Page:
Mytilopsis leucophaeata is a biofouling species which commonly disturbs coolant water systems of industrial and power plants. Its rapid reproduction in such an ideal environment may result in extremely dense populations that clog water intakes and may damage or cause failure to systems (Rajagopal et al, 2002c; Kennedy, 2010; Verween et al, 2006). Specific examples of its biofouling have been reported from Belgium, Finland, and the Netherlands with densities ranging from tens of thousands to even millions of individuals/m2 (Verween et al, 2007a; Laine et al, 2006; Rajagopal et al, 2002b). M. leucophaeata also fouls boats, ropes, cages, and other marine equipment (Bergstrom, 2004). Aside from biofouling, dense populations M. leucophaeata alter ecosystems and likely have significant ecological effects similar to that of the more widely researched dreissenid Zebra mussel, (Dreissena polymorpha), which demand further investigation.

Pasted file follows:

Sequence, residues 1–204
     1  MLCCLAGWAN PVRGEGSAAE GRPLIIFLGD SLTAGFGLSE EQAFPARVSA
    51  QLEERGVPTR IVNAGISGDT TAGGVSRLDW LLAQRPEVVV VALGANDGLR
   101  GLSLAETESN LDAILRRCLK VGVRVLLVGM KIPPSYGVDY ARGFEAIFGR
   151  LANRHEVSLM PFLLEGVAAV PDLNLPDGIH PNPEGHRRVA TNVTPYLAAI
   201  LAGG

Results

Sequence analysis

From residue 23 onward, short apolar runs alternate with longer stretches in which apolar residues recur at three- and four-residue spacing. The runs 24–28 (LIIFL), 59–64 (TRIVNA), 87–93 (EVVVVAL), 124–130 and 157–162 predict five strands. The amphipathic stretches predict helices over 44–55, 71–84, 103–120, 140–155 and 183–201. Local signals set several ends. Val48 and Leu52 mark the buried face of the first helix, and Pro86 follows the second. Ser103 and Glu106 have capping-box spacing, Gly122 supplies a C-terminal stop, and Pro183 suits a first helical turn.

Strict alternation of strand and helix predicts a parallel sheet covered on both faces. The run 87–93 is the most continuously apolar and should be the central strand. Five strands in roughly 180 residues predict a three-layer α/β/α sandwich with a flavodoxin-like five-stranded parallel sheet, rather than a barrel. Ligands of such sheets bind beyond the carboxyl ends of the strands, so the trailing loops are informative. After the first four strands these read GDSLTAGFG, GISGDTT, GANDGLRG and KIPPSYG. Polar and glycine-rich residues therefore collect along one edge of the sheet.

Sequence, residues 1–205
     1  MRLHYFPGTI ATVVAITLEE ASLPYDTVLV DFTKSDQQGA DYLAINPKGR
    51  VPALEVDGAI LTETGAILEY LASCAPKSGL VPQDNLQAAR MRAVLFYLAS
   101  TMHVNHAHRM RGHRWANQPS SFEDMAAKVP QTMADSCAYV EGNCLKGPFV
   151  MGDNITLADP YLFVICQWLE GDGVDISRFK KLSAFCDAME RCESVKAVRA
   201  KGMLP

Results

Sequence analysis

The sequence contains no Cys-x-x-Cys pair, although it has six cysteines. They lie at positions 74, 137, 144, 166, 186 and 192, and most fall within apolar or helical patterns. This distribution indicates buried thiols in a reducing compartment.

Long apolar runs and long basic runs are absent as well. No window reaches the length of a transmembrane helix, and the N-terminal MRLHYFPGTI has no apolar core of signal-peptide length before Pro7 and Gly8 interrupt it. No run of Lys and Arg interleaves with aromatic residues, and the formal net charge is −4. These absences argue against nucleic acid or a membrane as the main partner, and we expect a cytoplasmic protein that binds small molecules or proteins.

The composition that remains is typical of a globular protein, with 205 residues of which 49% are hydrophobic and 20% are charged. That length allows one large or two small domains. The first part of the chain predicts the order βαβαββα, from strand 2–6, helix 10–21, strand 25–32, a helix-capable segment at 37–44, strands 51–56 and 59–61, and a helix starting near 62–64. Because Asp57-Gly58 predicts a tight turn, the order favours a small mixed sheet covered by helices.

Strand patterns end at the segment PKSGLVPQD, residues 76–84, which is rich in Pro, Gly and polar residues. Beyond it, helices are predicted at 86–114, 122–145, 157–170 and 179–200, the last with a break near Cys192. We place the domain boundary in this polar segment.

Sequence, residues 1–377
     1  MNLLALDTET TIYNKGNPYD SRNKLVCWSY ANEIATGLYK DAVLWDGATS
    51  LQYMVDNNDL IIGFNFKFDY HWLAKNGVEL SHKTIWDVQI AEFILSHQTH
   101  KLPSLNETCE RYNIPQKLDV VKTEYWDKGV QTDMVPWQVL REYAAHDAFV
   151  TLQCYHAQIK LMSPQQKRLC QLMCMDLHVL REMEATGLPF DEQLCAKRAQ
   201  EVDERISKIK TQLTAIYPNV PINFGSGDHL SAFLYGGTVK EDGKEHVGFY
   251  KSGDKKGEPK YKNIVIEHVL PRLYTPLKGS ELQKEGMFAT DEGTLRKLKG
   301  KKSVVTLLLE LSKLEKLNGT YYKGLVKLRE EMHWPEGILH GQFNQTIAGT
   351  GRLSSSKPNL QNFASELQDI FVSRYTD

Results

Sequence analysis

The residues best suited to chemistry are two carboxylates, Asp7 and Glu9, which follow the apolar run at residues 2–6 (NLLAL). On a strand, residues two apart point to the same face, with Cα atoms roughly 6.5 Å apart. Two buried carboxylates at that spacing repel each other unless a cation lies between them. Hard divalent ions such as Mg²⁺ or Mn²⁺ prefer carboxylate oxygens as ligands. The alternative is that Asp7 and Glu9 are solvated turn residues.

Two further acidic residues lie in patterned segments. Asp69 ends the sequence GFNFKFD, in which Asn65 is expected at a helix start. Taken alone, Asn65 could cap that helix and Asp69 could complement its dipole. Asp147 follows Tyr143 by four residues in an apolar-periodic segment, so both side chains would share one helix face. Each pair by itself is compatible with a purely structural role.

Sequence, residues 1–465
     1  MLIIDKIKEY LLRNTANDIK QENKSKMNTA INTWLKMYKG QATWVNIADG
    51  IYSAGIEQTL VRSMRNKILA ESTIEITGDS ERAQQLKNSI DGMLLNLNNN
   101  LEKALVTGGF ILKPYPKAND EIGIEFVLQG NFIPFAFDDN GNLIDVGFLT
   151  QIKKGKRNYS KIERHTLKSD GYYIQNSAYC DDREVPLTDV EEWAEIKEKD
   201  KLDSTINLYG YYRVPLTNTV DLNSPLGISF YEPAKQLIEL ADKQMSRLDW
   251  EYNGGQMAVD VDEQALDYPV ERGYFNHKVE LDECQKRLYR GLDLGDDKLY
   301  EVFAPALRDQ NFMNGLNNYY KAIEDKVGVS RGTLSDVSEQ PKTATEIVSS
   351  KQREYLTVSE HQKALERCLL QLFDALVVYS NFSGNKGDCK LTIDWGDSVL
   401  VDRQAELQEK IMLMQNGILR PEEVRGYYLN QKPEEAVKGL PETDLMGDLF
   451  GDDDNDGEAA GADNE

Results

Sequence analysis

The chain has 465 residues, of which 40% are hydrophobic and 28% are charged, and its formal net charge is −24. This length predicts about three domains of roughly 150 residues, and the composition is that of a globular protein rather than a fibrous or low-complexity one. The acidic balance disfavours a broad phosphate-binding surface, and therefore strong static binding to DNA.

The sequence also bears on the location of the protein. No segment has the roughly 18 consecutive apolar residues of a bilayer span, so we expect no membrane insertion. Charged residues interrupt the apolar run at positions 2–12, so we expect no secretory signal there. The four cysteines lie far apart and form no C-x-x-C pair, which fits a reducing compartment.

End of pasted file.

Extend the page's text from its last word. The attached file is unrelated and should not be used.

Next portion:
Location Specific Impacts:
Fouling: Mytilopsis leucophaeata has established vigorous fouling populations in estuaries of Belgium (Laine et al, 2006). It causes major fouling problems to the cooling system of BASF Antwerp, Belgium (Verween et al, 2007a).
Fouling: Mytilopsis leucophaeata fouls power plant cooling water discharges in the Gulf of Finland and have been observed in densities as high as 28,000 individuals/m2 (Laine et al, 2006).
Fouling: Densities as high as 6.5 million/m2 have been recorded near power station intakes in the Noordzeekanaal where it is the dominant fouling species (Rajagopal et al, 2002b; Rajagopal et al, 2005b).